# What does "volatility on hand" mean and how do players use it?

Towards the end of part 1 of "Harrington on Hold'em" in the section titled "A Sample Hand," Harrington writes the following:

I thought I was one of the better players remaining at the table, so I wanted to reduce, rather than increase, my volatility on the hand. (Volatility is a mathematician's word for the size of the money swing on the hand.) A weaker player in the same situation should be looking to increase volatility; hence he would definitely want to throw in a bet.

What exactly does "volatility on hand" mean? How do you calculate it? And why should a strong player attempt to reduce it, and a weak player attempt to increase it?

## 2 Answers

In this instance, it looks like the author is using the term "volatility" as a way of describing "variance" (or as a replacement for the word). A short definition is included in your quote, but another way I would put it is "the amount in which the outcome in a particular hand could vary". The calculation comes from statistics, I'll link the wikipedia page (https://en.wikipedia.org/wiki/Variance) but there are lots of other articles on google that you can check out for calculations relating specifically to poker.

To me, it is a bit more important to understand the logic behind variance rather than outright calculate it (especially at the table) so I'll give a few examples.

High Variance Hand: you are on the button with 7s8s and MP raises 3x the BB. You 3-bet 3.5x the MP raise and MP calls. Flop comes 5h6cAd and MP checks to you. You C-bet half the pot and MP calls.

Low Variance Hand: Same situation as above, you are on the button with 7s8s and MP raises 3x the BB you call and the blinds call behind you. Flop comes the same, 5h6cAd and MP checks to you and you check, action is on the blinds.

Without going through all of the action in these hands, there are some big differences between the high variance and the low variance hands that directly relate to the way that you played the hand.

• There are only 2 players in the high variance hand because your 3-bet discouraged the blinds from calling (not a guarantee they will call but more likely if you do not 3-bet). The low variance hand is a 4 player hand.
• The pot is much bigger in the high variance hand before you act on the flop (22.5BB) vs the low variance hand (12BB)

A hand that involves less players is ideal for weaker players simply because there is less to keep track of, reducing the possibility for errors in decision making. Strong players can be confident that they will make the correct decision or possibly outplay their opponents depending on the action. Strong players can take advantage of heads up play as well, but it is especially important for weaker players to focus on heads up pots.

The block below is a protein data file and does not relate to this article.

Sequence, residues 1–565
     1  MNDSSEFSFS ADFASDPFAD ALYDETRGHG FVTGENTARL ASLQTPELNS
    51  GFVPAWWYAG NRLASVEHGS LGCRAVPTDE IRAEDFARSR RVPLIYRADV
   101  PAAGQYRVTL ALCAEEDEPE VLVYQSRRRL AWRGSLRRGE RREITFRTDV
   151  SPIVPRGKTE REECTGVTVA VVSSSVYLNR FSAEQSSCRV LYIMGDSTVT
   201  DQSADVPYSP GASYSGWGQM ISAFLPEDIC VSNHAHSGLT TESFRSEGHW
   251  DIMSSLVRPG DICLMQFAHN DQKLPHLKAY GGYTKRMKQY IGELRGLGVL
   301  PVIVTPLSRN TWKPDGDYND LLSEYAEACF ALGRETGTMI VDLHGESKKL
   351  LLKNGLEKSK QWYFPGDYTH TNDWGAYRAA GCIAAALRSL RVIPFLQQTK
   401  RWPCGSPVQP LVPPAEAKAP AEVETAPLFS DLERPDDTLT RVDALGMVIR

Bigger pots are one of the key points on variance, more money in the pot means that you will be increasing the amount that you win or lose once the hand is complete. It is a powerful tool for weaker players because playing this way forces the tough decisions on the other players. This does not mean to 3-bet every suited connector or to spew off chips no matter what they have, but it does mean that weaker players should lean towards betting and increasing the size of the pot when they have a significant amount of equity. This leaves the outcome more in the hands of the other player(s) in the hand, and depending on the player they have a decent chance of making a big mistake and awarding a large pot without the weaker player getting an opportunity to make mistakes.

Strong players want to reduce variance because they will rarely make mistakes. Stronger players would rather play lots of smaller pots that they have a 60% chance of winning, rather than put their whole stack on the line with 60% equity in one big pot. This will prevent them from getting stacked when they end up losing a hand that they had the advantage in.

Your opponent is bad, and is playing a single heads up match against you for \$1000, then will go home. In the first hand your opponent open shoves and flips over his hand. You look at your hand and calculate you have a 51% to win the tournament if you call. Should you?

The quick answer is yes, calling is clearly +EV. However, it is probably more +EV to fold. The chance of you winning the tournament given how good you are (and how bad your opponent is) is far greater than 51%. You want to decrease variance because you are the better player.

What if you are getting 49% to win but are significantly the worse player? The quick answer is to fold, but it is probably your best option to call. Right now you can win the tournament 49% of the time! Given your skill difference, you will probably only win 30% of the time. (Also, why are you playing when you admit you are the fish ;) ).